“Sometimes the D.C. press focuses more on the horse race,” said David Kochel, a longtime Republican operative who was a strategist for Jeb Bush last time around. “At local outlets — The Des Moines Register, specifically — it’s usually easy to get policy and issues covered in a way that is away from the typical political-process angles.”
The Register’s endorsement will receive national coverage when it appears in the coming weeks. And its Iowa Poll, done in collaboration with CNN and Mediacom for the 2020 campaign, is the talk of the political cognoscenti whenever a new edition drops, as one did last Friday.
“They winnow the field,” Carol Hunter, the paper’s executive editor, said of the local citizens, “and I think they feel like they’re playing a role in the destiny of the nation.
“Our job is to serve Iowans,” she added. “If it’s that important to Iowa, it’s got to be that important to The Des Moines Register.”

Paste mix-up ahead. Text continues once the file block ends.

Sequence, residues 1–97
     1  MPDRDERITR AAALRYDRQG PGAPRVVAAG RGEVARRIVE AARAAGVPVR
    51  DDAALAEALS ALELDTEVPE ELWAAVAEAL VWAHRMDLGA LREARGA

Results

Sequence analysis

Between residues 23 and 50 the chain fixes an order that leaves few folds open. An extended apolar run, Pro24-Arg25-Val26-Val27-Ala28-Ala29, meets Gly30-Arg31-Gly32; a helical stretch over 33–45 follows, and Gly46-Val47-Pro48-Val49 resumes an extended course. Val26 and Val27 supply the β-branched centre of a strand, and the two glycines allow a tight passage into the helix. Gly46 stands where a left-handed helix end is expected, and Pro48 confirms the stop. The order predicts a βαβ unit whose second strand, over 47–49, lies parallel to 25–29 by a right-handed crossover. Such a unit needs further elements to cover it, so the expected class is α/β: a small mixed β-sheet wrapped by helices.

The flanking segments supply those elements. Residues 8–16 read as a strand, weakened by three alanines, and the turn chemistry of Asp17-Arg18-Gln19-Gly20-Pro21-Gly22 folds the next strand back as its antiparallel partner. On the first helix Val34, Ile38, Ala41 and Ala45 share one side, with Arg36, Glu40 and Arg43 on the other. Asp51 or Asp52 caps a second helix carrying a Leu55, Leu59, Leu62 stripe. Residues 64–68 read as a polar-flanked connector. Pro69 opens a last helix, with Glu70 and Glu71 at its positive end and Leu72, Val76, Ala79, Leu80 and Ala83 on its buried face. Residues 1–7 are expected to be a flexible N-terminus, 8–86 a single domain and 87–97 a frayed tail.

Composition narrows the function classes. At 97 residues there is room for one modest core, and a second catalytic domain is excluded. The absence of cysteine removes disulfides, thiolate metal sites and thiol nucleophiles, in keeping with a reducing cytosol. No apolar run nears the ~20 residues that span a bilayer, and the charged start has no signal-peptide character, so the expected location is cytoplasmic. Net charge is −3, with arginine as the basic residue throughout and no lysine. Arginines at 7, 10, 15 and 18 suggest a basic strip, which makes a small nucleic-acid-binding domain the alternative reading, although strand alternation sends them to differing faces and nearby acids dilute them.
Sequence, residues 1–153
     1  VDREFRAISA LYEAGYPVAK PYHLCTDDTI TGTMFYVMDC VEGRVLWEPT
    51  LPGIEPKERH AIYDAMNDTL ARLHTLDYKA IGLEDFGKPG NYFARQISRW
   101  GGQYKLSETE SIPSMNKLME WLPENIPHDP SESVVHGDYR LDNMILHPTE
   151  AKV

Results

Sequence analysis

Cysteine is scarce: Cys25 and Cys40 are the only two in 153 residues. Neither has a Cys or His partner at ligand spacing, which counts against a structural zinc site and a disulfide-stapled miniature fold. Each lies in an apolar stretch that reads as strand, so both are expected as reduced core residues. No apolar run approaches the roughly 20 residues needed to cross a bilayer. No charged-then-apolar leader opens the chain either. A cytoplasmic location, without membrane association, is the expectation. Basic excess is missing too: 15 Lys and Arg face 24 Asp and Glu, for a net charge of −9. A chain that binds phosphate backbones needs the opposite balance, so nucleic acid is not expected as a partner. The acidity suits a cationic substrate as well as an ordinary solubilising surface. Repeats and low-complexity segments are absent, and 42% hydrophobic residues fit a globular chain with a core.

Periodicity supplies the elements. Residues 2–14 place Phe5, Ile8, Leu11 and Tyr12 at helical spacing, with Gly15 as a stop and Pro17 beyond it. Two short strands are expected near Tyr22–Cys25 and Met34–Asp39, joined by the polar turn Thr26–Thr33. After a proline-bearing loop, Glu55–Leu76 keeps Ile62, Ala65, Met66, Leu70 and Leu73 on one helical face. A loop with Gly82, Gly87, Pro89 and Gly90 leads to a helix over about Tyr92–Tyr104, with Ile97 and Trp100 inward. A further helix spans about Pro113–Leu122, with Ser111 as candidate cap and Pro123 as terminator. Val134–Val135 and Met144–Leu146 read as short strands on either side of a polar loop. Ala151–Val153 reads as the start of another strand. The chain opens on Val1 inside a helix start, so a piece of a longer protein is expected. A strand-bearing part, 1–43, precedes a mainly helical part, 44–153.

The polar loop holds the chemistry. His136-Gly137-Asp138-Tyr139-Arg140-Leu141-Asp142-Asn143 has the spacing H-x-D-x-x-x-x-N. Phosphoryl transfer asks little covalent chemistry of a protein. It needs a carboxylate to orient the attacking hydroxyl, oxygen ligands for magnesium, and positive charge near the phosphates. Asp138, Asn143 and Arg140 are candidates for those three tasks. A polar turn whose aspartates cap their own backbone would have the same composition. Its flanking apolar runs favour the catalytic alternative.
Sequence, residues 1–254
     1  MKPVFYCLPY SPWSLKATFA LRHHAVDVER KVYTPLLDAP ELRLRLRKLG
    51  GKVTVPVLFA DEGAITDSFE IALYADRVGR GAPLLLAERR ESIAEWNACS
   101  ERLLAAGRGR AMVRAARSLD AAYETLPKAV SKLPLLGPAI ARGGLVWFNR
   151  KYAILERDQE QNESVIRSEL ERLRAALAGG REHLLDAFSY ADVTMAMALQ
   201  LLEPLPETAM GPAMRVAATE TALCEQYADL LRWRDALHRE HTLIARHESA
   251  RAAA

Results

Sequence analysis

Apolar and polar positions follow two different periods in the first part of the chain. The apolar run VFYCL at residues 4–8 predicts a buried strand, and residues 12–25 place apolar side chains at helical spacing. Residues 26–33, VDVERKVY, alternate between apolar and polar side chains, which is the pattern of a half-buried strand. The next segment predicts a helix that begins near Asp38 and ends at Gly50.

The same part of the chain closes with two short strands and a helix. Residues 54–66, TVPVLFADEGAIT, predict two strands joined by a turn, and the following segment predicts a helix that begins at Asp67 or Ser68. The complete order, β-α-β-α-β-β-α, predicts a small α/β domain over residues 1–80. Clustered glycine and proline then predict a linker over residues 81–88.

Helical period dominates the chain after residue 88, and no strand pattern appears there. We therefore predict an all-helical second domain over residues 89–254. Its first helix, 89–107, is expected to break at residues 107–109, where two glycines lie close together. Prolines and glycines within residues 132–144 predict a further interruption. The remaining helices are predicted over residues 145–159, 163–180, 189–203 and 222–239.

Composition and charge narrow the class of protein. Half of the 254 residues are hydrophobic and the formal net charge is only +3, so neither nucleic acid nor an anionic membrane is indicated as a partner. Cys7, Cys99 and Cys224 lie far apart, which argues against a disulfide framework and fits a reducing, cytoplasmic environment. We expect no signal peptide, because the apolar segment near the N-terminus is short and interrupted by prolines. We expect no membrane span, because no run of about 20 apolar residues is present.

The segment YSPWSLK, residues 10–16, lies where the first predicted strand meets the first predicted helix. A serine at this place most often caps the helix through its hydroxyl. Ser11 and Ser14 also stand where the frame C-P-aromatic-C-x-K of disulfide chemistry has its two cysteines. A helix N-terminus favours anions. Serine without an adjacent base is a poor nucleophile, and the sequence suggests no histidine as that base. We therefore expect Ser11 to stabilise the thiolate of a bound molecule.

Register reporters have gone on to cover politics at national outlets including The Associated Press, The Washington Post and The New York Times. Jeff Zeleny, the senior White House correspondent at CNN, and a former Times reporter, covered the 2000 caucuses for The Register.
“The people you met stayed on as sources,” Mr. Zeleny said.
And The Register’s coverage is read all around the country — not just on the internet, where its site is available through a special subscription geared to politics junkies, but in the print editions of other Gannett papers, a category that doubled to more than 260 dailies across 47 states in November, when Gannett merged with the parent company of GateHouse Media.
Such consolidation, along with the industry trends prompting it, has caused worry at Gannett publications such as The Register, which has its roots in a paper that was started in an abandoned log cabin in 1849. The daily, which was sold to Gannett for $165 million in 1985, has won more than a dozen Pulitzer Prizes in its history.